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#Allergy and Immunology #Dermatology
A 25-year-old female presented with unilateral, greasy, follicular and nonfollicular papules over the forehead, retroauricular region and abdomen on the left side of body. They were mildly pruritic. Numerous discrete hypopigmented macules scattered over medial side of forearm and upper back on the left side. Skin biopsy from one of the papules over the forearm showed features of Darier’s disease. The present case is reported for the rare unilateral presentation and distribution of lesions of Darier’s disease along with hypopigmented macules.
A 25-year-old female presented with complaints of mildly pruritic papules over the left side of the body of 10-year duration. Initially, she developed the skin lesions over the left retroauricular region, which gradually extended over the chest and abdomen limited to the left side of the body. There was history of exacerbation of skin lesions during summer. There was no family history of the disease. There were no systemic complaints.
Dermatological examination revealed few grouped and few discrete, crusted, greasy follicular and nonfollicular papules of 1-3 mm size over the scalp, forehead, retroauricular region, trunk, abdomen and cubital and popliteal fossa on the left side of the body. Numerous discrete hypopigmented macules of 1 mm diameter were observed scattered over the medial side of forearm arm and upper back on the left side. She also had small flat topped papular lesions of 2 mm size over the dorsum of left hand. Multiple punctuate keratoses and pits were seen over the left palm. Right hemithorax, limbs and face were completely spared. Oral mucosa and nails were normal. Systemic examination was normal.
Routine hematological and biochemical parameters were normal. Skiagram of the chest and long bones were normal. Histopathological examination of one of the crusted papules showed classical features of Darier’s disease (DD). The patient was treated with topical retinoic acid 0.05%, topical clindamycin and oral isotretinoin 20 mg/day.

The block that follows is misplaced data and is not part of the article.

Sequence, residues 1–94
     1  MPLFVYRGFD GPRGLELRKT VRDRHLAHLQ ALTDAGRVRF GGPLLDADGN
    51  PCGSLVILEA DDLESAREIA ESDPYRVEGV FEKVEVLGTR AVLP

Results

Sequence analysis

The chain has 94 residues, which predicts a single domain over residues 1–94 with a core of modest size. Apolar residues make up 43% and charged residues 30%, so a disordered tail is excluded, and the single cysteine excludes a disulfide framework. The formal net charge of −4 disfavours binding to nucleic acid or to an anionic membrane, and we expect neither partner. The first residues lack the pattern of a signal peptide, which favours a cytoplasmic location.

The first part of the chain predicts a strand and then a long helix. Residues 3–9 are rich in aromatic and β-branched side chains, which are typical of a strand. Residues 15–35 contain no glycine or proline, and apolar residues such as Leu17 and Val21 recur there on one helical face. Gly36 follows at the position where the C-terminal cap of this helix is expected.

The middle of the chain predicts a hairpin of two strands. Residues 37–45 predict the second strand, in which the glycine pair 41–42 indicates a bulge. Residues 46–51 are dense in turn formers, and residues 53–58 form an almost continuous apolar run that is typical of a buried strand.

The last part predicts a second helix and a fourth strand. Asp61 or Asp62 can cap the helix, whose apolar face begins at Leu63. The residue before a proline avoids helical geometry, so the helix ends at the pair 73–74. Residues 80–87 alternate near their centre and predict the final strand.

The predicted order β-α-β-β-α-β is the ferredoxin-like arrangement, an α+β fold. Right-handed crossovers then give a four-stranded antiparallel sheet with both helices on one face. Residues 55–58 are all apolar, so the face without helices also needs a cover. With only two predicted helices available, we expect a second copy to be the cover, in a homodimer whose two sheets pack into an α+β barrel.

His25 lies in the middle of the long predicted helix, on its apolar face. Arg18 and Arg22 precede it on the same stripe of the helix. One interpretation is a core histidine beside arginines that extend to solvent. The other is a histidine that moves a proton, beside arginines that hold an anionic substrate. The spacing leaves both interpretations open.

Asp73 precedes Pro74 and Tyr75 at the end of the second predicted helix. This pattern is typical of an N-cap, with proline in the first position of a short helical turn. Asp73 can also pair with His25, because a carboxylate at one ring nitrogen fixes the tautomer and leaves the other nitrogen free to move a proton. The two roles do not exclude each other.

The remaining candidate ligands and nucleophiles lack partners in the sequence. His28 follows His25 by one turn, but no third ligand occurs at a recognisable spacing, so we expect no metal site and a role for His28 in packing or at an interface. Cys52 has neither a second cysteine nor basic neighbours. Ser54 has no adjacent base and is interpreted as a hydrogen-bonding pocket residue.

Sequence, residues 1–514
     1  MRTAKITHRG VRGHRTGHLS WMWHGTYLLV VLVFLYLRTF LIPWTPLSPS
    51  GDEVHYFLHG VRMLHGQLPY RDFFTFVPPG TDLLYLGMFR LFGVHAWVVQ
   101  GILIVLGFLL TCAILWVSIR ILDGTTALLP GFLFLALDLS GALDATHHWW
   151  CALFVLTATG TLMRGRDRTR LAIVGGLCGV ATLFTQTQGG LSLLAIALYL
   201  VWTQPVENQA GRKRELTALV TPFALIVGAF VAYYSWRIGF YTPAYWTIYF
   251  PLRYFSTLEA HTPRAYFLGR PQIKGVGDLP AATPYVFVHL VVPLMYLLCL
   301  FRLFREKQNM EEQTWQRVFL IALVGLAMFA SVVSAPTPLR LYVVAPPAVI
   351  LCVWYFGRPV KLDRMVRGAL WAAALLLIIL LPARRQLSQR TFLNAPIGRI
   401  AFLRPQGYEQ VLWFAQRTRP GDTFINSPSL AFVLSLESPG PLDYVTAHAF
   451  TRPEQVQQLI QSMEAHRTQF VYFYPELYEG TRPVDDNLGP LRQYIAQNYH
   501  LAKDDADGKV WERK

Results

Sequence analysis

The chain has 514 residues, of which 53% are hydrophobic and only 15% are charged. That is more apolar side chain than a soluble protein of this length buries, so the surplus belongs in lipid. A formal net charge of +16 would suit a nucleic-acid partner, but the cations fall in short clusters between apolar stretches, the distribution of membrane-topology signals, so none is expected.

This resulted in partial flattening of the lesions in 1 month.
Darier’s disease (DD) also known as keratosis follicularis, is an inherited genodermatosis of autosomal dominant inheritance with variable penetrance. The disease is mostly sporadic and occasionally develops from spontaneous mutations in the gene coding for the disease.1 In 1889, James White and Jean Darier’s described this condition.
The prevalence of the disease has been estimated at 1,100,000.2 Pathogenesis of the disease is unknown, but abnormalities of structural proteins may underline the deficiency.2 DD has been shown in some cases to result from genetic mosaicism with the discovery that mutations in ATP2A2 cause.3 Gene sequencing can be used to confirm the diagnosis. DD most commonly manifests from age 6 to 20 years in both sexes. It is characterized by diffuse greasy hyperkeratotic follicular and extrafollicular papules predominantly in the seborrheic regions of the body along with nail abnormalities and mucous membrane changes. Its clinical variants include the hypertrophic, vesicular, vesiculobullous, localized comedonal, unilateral and zosteriform types. Approximately 80% of patients have mild flexural involvement and in only <10% of patients, flexural disease predominates, which is frequently associated with pruritus. Multiple guttate tiny hypopigmented macules are also seen in patients with DD on trunk and limbs. Such lesions were observed in this patient but were limited to left side of the body. Nail changes include white and red longitudinal bands, longitudinal nail ridges, splitting and subungual hyperkeratosis, often with a characteristic V-shaped nick at the free margin of the nail. Mucosal lesions are seen in 15% of patients as white papules with a central depression. They are commonly observed in buccal mucosa. Nail and mucosal changes were not observed in this present patient.